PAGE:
This is the time of year when vegetable gardeners grumble about the ‘hungry gap’. A problem for annual vegetable growers, this is the spring period when your overwintering crops such as cabbages, parsnips and leeks are all finishing, and the early summer crops are not yet harvestable.
But it is also the time of year when the forest gardener feels most contented. Growing perennial crops, which is what a forest garden consists of, makes it possible to avoid a gap in your harvesting season. The reason for the gap is the time it takes for the annual plants to germinate and grow. Perennial plants, whether herbaceous or woody, have a mature developed root system from which they can grow as soon as the environmental conditions are right in the late winter and early spring time. Roots accumulate carbohydrates while photosynthesising in the summer, which are stored through the winter to get them going in the spring, so while your cabbages are still on the starting blocks, your perennial Brassicas are already adorned with lush green, edible leaves.
120 forest garden plants
Martin Crawford lists more than 120 forest garden plants which crop between February and May, including: fruits, nuts, salad leaves, vegetables, flowers, bulbs, roots, tubers, herbs and spices. This impressive collection of trees, shrubs and herbaceous plants clearly demonstrates not only an uninterrupted, but a diverse harvest, the like of which the annual vegetable garden could never achieve.
It’s not a competition, the forest garden crops and the annual vegetables fulfil different niches within the garden and the kitchen. Having been raised on annual vegetables which have been bred over generations to be bigger, milder and juicier than their original, wild forms, there is a place in all of our hearts for a fresh young courgette or a juicy ripe tomato, and we needn’t give them up. These two very different ways of growing can work very well side by side, so really you can have your carrot cake….and eat it. So what is on the forest garden menu this spring?
Root crops can be stored from the late summer and autumn, and many will stay in the ground over winter, but need to be harvested before the plant begins to grow again in the spring. One of latest root tubers you can harvest is groundnut. This is not the same as peanut of course, which is often called groundnut in the States, but is a delicious, ovoid tuber about the size of a ping-pong ball. Its name comes from its nutty, earthy flavour which lends itself perfectly to roasting or including in soups and casseroles.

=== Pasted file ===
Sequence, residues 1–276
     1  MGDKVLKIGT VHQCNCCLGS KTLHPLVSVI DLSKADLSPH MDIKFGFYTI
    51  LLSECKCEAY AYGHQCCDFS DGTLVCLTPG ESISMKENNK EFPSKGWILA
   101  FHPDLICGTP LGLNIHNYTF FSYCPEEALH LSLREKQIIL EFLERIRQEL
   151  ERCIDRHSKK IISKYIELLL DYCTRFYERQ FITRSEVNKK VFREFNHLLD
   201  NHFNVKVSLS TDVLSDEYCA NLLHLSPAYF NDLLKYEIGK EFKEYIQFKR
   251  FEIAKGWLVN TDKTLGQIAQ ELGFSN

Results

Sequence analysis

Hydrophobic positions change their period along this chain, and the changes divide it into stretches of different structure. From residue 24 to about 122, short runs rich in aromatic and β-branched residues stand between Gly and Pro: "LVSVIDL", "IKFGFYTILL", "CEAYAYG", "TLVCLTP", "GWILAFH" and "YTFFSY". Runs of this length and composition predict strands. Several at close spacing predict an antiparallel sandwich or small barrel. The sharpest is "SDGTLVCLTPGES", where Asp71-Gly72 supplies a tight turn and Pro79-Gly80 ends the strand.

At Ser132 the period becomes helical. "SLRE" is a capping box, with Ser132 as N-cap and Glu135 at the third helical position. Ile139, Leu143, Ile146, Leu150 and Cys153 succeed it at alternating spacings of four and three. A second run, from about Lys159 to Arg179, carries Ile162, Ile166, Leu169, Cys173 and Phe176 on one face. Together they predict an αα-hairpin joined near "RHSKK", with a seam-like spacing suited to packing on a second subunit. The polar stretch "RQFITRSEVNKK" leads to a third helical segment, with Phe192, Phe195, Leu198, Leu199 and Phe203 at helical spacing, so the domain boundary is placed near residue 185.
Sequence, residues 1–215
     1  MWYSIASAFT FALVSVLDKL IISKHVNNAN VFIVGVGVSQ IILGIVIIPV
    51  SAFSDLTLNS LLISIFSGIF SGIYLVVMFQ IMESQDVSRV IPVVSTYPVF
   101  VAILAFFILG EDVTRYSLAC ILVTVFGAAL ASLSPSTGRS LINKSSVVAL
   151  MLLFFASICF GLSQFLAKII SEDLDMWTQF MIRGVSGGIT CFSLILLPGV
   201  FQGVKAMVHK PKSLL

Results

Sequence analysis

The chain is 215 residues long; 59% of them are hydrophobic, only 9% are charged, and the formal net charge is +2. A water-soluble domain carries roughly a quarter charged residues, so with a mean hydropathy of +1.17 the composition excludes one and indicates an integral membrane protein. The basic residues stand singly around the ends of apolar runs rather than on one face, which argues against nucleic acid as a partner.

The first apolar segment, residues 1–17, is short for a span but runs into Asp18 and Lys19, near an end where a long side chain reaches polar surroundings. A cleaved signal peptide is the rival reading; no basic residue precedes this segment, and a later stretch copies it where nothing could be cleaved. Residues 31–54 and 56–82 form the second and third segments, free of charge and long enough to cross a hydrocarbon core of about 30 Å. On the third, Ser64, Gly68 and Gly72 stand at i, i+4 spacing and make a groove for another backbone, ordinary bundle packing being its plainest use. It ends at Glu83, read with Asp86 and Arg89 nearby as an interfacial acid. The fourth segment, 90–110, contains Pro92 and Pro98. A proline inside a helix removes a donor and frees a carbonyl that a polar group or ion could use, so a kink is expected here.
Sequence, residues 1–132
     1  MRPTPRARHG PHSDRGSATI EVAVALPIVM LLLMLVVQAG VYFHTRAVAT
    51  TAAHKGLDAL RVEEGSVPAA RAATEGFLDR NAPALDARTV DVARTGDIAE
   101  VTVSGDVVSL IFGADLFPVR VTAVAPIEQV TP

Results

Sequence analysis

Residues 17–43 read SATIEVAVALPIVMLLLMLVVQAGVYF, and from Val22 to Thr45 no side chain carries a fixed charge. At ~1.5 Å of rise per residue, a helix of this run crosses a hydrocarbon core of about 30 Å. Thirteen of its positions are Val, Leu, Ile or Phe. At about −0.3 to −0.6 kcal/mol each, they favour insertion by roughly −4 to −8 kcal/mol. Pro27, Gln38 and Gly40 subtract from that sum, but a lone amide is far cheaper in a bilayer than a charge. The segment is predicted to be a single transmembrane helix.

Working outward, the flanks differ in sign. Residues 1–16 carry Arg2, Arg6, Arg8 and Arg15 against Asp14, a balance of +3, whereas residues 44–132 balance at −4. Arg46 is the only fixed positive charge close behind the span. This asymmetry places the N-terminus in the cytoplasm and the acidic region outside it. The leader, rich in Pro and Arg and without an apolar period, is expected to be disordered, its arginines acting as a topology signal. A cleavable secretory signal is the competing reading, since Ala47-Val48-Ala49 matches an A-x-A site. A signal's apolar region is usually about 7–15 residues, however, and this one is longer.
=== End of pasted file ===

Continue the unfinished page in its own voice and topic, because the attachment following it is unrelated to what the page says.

Shoots are the first signs of life after winter, which get gardeners and cooks really excited as we watch them emerge from the cool soil, bursting with green promise. The forest garden has many shoots on offer, from familiar standards like asparagus, to the less usual like ostrich fern shoots and yellow asphodel, and some more surprising options such as hop shoots or hostas.
Cardoon stems are a common vegetable in Italy and are often eaten breaded and fried. Similarly, ostrich fern shoots or ‘fiddle heads’ are popular in the States and are delicious lightly battered and accompanied by a tasty dip. Most shoots though are at their best lightly cooked super fresh and rolled in butter as a side vegetable, to make the most of their delicate flavour and succulent texture.
Salads are about to get more interesting! A combination of purslane, beech and watercress is just the right balance of fresh, sweet and peppery, and there will soon be many more to choose from; mallows, landcress, Turkish rocket or saltbush for example. Leaf greens are very easy to incorporate in to daily cooking; they work very well in quiches and soufflés, and are great added to pasta sauces and curries. It’s time to bring some fresh flavour into the kitchen too, with aromatic mints, lemonbalm, fennel, alexanders and ramsons. Let the senses re-awaken! See lead picture for inspiration.
There are some familiar fruits which we harvest in the autumn and store through the winter, such as apples and pears, but there are some which crop in the spring like strawberries, which make an excellent ground cover crop. Fruit is often dominant in a forest garden because most edible tree and shrubs crops are fruits and berries. Therefore preserves feature largely in the forest gardener’s kitchen. It is worth learning the arts of jam, chutney making and bottling for which tree fruits like apples, pears and plums are very well suited. If you enjoy a tipple you could try some winemaking – birch sap is collected in the spring as the sap rises and makes a delicious sweet wine. Later in the year there are many fruits and flowers which make wonderful wines and liqueurs to ease you through long winter evenings.
This time of year need not be sparse and dreary in the garden or the kitchen, and there’s no need to go hungry, there’s plenty to fill the gap!
Caroline Aitken teaches permaculture at Whitefield Permaculture. She is often asked about forest garden foods and how to prepare them. This led to her collaboration with Martin Crawford on the book, Food From Your Forest Garden, a beautifully illustrated book filled with recipes for a wide range of species, plant information and nutritional value and advice on harvesting in your forest garden.
Read Tomas Remiarz' review HERE.
Book: The Forager's Garden by Anna Locke
Book: A Food Forest in your Garden by Alan Carter